Benign neglect

For the British policy of avoiding strict enforcement of parliamentary laws see Salutary neglect.

Benign neglect was a policy proposed in the late 1960s by New York Sen. Daniel Patrick Moynihan, who was at the time on Nixon's White House Staff as an urban affairs advisor. While serving in this capacity, he sent the President a memo suggesting that "the issue of race could benefit from a period of 'benign neglect'. The subject has been too much talked about....We may need a period in which Negro progress continues and racial rhetoric fades." This "benign neglect" policy was designed to ease tensions following the American Civil Rights Movement of the late 1960s. Moynihan was particularly troubled by the speeches of Vice-president Spiro Agnew. However, the policy was widely seen as an abandonment of urban (particularly black) neighborhoods, as the Senator’s statements and writings appeared to encourage, for instance, fire departments engaging in triage to avoid engaging in a supposedly futile war against arson.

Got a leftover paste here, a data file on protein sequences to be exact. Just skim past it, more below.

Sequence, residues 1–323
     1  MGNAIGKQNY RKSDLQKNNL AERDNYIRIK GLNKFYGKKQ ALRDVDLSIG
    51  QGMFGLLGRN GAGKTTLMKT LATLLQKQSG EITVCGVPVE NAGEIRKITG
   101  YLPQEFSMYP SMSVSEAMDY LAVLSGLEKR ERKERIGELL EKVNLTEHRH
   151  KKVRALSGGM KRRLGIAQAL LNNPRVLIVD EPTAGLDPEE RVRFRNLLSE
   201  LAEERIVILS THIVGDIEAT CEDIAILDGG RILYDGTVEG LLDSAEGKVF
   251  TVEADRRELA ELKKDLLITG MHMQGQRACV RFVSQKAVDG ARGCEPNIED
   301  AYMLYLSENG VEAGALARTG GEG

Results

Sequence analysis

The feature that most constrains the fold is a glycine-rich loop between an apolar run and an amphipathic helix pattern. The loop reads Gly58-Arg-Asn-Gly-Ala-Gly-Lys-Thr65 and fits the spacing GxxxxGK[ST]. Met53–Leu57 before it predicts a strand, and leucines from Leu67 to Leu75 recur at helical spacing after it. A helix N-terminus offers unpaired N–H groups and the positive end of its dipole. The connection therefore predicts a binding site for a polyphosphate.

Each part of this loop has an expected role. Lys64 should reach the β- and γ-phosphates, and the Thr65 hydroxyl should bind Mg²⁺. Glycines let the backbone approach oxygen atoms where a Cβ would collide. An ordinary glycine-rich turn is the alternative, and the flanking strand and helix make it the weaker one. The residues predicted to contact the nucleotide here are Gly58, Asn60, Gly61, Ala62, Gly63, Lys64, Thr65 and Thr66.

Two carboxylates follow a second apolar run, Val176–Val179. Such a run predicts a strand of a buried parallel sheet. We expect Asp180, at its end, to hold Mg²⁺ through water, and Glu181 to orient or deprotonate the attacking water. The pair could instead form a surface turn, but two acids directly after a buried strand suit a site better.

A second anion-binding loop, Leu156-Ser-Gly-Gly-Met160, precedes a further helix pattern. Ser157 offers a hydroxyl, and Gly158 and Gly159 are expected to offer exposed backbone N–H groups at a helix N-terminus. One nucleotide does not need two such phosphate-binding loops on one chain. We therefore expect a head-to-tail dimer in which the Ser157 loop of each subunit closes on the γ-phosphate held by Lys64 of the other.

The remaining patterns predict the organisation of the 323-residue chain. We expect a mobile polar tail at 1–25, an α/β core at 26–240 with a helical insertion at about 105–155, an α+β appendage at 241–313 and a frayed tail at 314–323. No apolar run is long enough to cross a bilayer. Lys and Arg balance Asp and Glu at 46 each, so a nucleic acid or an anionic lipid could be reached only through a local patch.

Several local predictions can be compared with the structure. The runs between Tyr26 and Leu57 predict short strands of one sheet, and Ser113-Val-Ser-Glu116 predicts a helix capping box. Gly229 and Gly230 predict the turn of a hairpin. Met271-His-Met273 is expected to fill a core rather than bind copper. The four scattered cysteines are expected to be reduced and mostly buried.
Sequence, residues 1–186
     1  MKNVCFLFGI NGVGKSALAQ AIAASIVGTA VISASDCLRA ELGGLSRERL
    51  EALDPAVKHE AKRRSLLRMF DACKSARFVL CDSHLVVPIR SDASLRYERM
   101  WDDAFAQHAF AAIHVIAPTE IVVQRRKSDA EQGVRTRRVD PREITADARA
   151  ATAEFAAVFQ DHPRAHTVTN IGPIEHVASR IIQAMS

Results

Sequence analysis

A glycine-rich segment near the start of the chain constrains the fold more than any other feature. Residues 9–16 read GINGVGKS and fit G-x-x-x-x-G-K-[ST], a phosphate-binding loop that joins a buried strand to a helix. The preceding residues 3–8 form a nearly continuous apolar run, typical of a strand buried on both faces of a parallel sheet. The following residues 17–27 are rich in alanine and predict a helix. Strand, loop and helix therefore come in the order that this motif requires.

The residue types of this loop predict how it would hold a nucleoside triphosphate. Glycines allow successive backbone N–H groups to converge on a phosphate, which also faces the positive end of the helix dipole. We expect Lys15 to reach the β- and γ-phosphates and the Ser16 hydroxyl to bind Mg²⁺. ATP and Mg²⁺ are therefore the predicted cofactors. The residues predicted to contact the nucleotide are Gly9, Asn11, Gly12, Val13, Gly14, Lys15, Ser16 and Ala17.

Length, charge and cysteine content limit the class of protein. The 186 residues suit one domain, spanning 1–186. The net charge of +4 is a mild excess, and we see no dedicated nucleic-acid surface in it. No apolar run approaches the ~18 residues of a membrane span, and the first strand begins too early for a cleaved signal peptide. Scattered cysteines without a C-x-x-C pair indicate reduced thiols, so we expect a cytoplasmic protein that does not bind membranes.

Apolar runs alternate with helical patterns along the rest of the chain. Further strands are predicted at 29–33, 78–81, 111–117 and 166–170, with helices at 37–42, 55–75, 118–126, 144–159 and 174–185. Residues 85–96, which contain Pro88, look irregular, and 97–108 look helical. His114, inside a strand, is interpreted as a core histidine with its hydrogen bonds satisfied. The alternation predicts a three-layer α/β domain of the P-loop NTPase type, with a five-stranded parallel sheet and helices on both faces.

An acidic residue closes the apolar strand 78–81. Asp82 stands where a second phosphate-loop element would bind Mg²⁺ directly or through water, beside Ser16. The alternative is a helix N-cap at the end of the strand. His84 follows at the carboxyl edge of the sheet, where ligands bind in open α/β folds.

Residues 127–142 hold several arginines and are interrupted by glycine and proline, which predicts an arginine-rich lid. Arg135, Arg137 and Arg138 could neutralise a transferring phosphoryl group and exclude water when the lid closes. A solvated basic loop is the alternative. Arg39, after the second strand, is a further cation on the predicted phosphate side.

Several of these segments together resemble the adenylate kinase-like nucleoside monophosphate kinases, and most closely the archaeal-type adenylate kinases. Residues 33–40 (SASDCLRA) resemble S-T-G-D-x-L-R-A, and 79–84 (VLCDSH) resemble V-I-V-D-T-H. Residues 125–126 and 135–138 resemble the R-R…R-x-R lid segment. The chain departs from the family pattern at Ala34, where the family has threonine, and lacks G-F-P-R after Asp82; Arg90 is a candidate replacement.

A Rand Institute report suggested that a large proportion of the fires in the South Bronx and Harlem were arson, however subsequent analysis of the data did not back this up. Of the fires in buildings only a very small portion were arson and that portion was not higher than the rate of proven arson found in wealthier neighborhoods. However, influenced by the report, Moynihan went on to make recommendations for urban policy based on the assumption that there was "widespread arson" in poverty stricken neighborhoods like the South Bronx and Harlem. To Moynihan, arson was one of many social pathologies caused by large cities that would benefit from benign neglect.

Other usages

The term is today more widely known as a variant of laissez faire policy, wherever it is considered that a lack of regulation and/or investment will improve (or at least not hurt) the interest of the 'neglected' group. It is still a very controversial policy whenever proposed.


See also

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